28 Citations Source Cite
Published on Jan 1, 2009in FEMS Microbiology Ecology 3.50
Cindy J. Smith15
Estimated H-index: 15
(University of Sheffield),
A. Mark Osborn25
Estimated H-index: 25
(University of Sheffield)
Quantitative PCR (Q-PCR or real-time PCR) approaches are now widely applied in microbial ecology to quantify the abundance and expression of taxonomic and functional gene markers within the environment. Q-PCR-based analyses combine ‘traditional’ end-point detection PCR with fluorescent detection technologies to record the accumulation of amplicons in ‘real time’ during each cycle of the PCR amplification. By detection of amplicons during the early exponential phase of the PCR, this enables the q...
408 Citations Source Cite
Dorne R. Yager24
Estimated H-index: 24
(VCU Medical Center),
Robert A. Kulina1
Estimated H-index: 1
,
Laura A. Gilman1
Estimated H-index: 1
Wound healing of the skin is a complex biologic process involving temporal interactions between numerous types of cells, extracellular matrix molecules, and soluble factors. The process of repair can be viewed as involving 3 or 4 phases: homeostasis, inflammation, synthesis, and remodeling. These phases occur at different times and differ in their cellular, biochemical, and physiologic requirements. Disruption of one or more of these interactions can significantly interfere with the repair proce...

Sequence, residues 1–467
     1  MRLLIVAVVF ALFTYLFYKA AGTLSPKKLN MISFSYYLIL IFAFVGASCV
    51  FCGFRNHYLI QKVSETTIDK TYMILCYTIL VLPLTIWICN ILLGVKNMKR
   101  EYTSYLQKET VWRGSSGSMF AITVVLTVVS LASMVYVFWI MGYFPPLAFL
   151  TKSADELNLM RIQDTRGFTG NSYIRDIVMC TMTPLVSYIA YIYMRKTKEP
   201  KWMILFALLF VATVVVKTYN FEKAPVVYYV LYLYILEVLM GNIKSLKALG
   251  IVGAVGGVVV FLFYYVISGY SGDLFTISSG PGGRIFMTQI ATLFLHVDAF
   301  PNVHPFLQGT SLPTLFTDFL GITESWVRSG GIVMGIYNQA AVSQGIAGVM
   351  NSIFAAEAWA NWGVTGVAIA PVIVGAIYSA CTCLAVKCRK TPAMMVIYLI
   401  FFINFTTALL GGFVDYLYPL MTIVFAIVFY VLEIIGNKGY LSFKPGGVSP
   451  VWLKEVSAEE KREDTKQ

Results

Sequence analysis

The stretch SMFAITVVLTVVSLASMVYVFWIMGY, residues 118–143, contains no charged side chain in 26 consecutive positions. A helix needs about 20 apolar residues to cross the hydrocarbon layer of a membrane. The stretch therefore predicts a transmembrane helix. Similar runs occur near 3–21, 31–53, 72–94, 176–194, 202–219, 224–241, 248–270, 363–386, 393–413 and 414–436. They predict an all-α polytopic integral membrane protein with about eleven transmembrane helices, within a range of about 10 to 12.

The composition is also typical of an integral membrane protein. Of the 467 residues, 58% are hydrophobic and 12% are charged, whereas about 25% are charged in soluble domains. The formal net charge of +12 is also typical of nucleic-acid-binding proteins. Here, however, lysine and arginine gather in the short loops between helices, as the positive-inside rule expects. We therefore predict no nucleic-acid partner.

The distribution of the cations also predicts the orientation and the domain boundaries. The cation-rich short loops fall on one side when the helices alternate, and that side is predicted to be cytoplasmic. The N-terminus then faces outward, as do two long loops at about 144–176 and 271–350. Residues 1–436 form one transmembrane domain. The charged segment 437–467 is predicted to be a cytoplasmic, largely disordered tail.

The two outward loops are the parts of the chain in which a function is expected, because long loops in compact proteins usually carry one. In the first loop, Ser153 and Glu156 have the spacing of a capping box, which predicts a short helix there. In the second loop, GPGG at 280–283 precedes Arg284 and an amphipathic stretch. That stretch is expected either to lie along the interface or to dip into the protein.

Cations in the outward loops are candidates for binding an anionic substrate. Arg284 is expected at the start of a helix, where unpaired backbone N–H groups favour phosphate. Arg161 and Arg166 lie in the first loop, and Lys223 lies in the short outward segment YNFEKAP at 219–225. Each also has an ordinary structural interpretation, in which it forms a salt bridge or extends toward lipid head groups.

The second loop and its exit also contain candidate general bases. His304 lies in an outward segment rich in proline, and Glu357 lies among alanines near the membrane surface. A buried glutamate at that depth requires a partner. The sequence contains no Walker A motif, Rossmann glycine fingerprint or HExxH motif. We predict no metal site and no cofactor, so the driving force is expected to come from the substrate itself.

68 Citations Source Cite
Published on Jun 1, 2007in International Wound Journal 2.38
Keith Moore5
Estimated H-index: 5
,
Elizabeth Mary Huddleston5
Estimated H-index: 5
(Smith & Nephew)
+ 1 AuthorsKeith Gordon Harding55
Estimated H-index: 55
(Cardiff University)
Disordered cell function within chronic wounds generates many parameters that can be measured to differentiate between healing and non healing status. Theoretically, these may form the basis of a wound assessment system to define disease severity and response to treatment. In a review of tissue, wound exudate and microbiology studies of venous leg ulcers, we identify many such parameters that are associated with healing status. These include cytokines, proteases and their inhibitors, senescence ...